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A small (and perhaps trivial :-() calculation is troubling me somewhat.

Consider the action of a right-handed Dirac fermion coupled to external gravity (a background gravitational field). The action can be written as

$$S = \int\sqrt{-\text{det}(g)}\, i\overline{\psi}_{R}\gamma^\mu\left(\partial_\mu + \frac{1}{2}\omega_{\mu}\right)\psi_{R} $$

where $\omega_\mu = {\omega_\mu}^{ab}\Sigma_{ab}$ and $\Sigma_{ab} = \frac{1}{4}[\gamma_a, \gamma_b]$. Here $\mu, \nu$ denote curved indices and $a, b$ denote tangent space (flat) indices. Now, the energy-momentum tensor is given by

$$T^{\mu\nu} = \frac{2}{\sqrt{-\text{det}(g)}} \frac{\delta S}{\delta g_{\mu\nu}}$$

To vary the action with respect to the metric, there are three pieces as I see it:

  1. Variation of the $\sqrt{-\text{det}(g)}$ piece. This is easy.
  2. Variation of the pieces with Lorentz indices: this is the part that I seem to have gotten a bit confused about.

Indeed $\gamma^\mu = \gamma^a e_a^\mu$ and so $\delta \gamma^\mu = \gamma^a \delta e^\mu_a$, and

$$\delta g_{\mu\nu} = \delta(\eta_{ab}e_{\mu}^a e_{\nu}^b) = \eta_{ab}[(\delta e^a_\mu)e_{\nu}^b + e^a_\mu \delta e_{\nu}^b]$$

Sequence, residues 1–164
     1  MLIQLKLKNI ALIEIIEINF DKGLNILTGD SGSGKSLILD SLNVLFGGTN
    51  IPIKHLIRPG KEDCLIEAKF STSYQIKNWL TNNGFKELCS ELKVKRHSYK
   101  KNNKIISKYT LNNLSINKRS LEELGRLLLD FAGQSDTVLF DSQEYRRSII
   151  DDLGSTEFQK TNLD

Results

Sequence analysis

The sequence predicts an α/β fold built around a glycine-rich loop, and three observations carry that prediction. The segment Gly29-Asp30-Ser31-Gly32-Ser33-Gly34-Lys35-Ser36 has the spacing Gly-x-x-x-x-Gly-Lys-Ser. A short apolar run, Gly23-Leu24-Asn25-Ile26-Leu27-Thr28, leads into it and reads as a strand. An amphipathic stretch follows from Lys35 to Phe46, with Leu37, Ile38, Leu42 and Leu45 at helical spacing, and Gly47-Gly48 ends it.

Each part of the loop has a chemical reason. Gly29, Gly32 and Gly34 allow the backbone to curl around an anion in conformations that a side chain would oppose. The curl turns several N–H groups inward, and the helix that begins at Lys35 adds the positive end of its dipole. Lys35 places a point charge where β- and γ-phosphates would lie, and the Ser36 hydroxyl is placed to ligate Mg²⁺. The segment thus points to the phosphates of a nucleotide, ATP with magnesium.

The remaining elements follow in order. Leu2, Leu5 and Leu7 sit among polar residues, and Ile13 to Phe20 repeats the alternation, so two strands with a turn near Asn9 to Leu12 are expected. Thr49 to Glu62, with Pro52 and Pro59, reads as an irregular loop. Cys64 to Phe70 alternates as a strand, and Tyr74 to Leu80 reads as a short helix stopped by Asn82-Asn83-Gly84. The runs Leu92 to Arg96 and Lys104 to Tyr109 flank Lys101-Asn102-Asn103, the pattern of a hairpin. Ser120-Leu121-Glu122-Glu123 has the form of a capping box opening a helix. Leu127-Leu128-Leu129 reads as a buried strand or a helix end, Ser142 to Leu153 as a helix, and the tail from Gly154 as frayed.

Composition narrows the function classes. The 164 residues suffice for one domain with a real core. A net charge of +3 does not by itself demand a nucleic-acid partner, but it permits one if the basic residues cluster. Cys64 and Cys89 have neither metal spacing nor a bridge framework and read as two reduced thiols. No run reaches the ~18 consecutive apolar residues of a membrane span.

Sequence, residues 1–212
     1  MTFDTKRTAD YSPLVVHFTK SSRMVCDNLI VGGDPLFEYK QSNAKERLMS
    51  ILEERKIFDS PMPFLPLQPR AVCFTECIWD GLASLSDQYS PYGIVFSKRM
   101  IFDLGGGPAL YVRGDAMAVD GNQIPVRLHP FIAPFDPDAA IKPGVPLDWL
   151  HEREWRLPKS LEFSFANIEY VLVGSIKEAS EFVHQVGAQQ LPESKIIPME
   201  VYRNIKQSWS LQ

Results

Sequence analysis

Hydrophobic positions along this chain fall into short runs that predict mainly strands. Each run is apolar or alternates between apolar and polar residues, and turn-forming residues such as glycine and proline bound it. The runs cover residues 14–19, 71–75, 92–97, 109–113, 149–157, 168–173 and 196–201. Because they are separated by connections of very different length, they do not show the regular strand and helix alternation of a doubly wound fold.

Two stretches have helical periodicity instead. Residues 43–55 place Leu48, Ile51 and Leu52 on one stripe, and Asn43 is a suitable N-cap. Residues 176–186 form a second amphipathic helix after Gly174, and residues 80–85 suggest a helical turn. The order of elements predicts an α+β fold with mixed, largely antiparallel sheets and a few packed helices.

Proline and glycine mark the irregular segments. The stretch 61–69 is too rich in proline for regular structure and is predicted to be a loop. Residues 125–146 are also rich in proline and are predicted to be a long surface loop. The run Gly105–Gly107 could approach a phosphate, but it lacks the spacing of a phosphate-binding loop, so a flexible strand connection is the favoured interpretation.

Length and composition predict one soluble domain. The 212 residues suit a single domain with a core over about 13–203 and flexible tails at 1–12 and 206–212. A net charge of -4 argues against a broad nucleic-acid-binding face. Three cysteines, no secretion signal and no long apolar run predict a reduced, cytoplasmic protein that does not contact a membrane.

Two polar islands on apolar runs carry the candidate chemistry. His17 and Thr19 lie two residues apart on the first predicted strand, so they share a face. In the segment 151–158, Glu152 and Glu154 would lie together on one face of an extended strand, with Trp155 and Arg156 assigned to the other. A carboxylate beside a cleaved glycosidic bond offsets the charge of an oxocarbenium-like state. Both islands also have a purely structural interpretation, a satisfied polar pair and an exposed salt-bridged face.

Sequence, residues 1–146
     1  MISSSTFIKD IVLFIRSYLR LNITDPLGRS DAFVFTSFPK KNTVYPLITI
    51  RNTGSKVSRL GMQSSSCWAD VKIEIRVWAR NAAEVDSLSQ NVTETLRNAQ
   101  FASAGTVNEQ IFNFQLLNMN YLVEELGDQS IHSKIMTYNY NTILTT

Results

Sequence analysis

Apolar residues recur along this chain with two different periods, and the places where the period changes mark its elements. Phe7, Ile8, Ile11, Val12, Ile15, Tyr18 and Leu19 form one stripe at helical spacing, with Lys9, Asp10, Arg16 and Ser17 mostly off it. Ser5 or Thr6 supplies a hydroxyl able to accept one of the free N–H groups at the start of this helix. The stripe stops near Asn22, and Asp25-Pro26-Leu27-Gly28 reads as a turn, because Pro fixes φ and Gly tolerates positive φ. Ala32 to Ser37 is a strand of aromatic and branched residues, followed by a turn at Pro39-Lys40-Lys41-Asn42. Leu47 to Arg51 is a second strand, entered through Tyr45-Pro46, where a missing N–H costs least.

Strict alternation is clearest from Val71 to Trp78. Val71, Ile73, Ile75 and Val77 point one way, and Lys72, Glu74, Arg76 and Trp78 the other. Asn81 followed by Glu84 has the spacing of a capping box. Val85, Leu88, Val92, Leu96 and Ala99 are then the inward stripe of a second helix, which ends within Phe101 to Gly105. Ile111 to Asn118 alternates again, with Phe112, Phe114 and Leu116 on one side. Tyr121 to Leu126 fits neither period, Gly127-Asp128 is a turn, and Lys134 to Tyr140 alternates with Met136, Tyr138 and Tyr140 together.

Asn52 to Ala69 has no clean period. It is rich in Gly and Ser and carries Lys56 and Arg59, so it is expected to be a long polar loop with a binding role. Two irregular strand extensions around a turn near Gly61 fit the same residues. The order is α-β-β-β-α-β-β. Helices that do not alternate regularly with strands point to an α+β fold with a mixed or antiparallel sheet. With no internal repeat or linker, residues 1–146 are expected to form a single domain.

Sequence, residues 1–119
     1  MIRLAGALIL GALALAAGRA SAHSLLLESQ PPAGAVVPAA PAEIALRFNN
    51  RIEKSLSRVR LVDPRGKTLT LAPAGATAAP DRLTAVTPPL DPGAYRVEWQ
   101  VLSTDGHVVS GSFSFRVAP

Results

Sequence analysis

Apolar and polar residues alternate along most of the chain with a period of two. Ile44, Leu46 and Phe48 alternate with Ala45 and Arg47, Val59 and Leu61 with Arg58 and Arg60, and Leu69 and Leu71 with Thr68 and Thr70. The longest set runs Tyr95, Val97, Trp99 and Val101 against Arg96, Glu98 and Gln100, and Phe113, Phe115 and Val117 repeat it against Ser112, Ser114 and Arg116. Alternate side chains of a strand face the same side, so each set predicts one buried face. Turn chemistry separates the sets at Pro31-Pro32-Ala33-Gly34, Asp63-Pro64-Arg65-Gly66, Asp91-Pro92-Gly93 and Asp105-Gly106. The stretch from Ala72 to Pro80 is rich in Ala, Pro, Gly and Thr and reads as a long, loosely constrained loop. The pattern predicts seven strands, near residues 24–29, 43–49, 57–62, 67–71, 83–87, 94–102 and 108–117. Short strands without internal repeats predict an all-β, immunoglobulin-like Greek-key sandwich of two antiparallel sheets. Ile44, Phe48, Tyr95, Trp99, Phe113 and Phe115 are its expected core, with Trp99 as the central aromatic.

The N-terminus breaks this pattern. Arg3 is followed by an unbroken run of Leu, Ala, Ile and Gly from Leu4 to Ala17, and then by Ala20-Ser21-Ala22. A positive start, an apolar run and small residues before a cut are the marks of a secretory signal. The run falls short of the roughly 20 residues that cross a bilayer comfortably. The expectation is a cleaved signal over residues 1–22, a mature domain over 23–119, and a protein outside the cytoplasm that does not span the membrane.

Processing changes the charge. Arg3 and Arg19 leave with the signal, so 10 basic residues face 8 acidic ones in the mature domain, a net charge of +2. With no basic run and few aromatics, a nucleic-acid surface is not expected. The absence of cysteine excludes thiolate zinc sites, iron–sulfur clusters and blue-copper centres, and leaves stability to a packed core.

But what happens on varying the operator $\gamma^\mu(\partial_\mu + \frac{1}{2}\omega_\mu)$ with respect to the metric?

One should ideally get

$$T^{\mu\nu} = \frac{i}{4}\overline{\psi}_{R}\gamma_\mu\overleftrightarrow{\nabla}_\nu\psi_R + (\mu \leftrightarrow \nu)$$

from this calculation. Here, $\nabla$ denotes the spinorial covariant derivative.

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You can write

$\gamma^\mu(\partial_\mu + \frac{1}{2} \omega_\mu) = \gamma_\nu g^{\nu \mu}(\partial_\mu + \frac{1}{2} \omega_\mu) = \gamma_\nu g^{\mu \nu}(\partial_\mu + \frac{1}{2} \omega_\mu)$. (A)

Furthermore

$\gamma^\mu(\partial_\mu + \frac{1}{2} \omega_\mu) = \gamma_\mu g^{\mu \nu}(\partial_\nu + \frac{1}{2} \omega_\nu)$. (B)

If you add equations A and B you obtain

$2 \gamma^\mu(\partial_\mu + \frac{1}{2} \omega_\mu) = \gamma_\nu g^{\mu \nu}(\partial_\mu + \frac{1}{2} \omega_\mu)+\gamma_\mu g^{\mu \nu}(\partial_\nu + \frac{1}{2} \omega_\nu)$

and then differentiate by $g^{\mu \nu}$ to obtain the identity.

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  • $\begingroup$ Thanks! That is very neat. But don’t you also generate $-g_{\mu\nu}i\overline{\psi}_R\nabla\psi_R$ in the functional differentiation wrt the background metric? $\endgroup$ – leastaction Jul 23 '17 at 22:18
  • $\begingroup$ The product $(\omega_\mu \psi_R)^a$ with spinor indices $a,b$ is equivalent to $\Omega_\mu^{ab} \psi_{Rb}$; this can also be transformed to with Greek letters denoted Lorentzian indices (with tetrads) to $\Omega_\mu^{\alpha \beta} \psi_{R \beta}$. Now use the same trick as showed above with representing contraction of indices with metric Tensor and derive with respect to it. $\endgroup$ – kryomaxim Jul 24 '17 at 14:10

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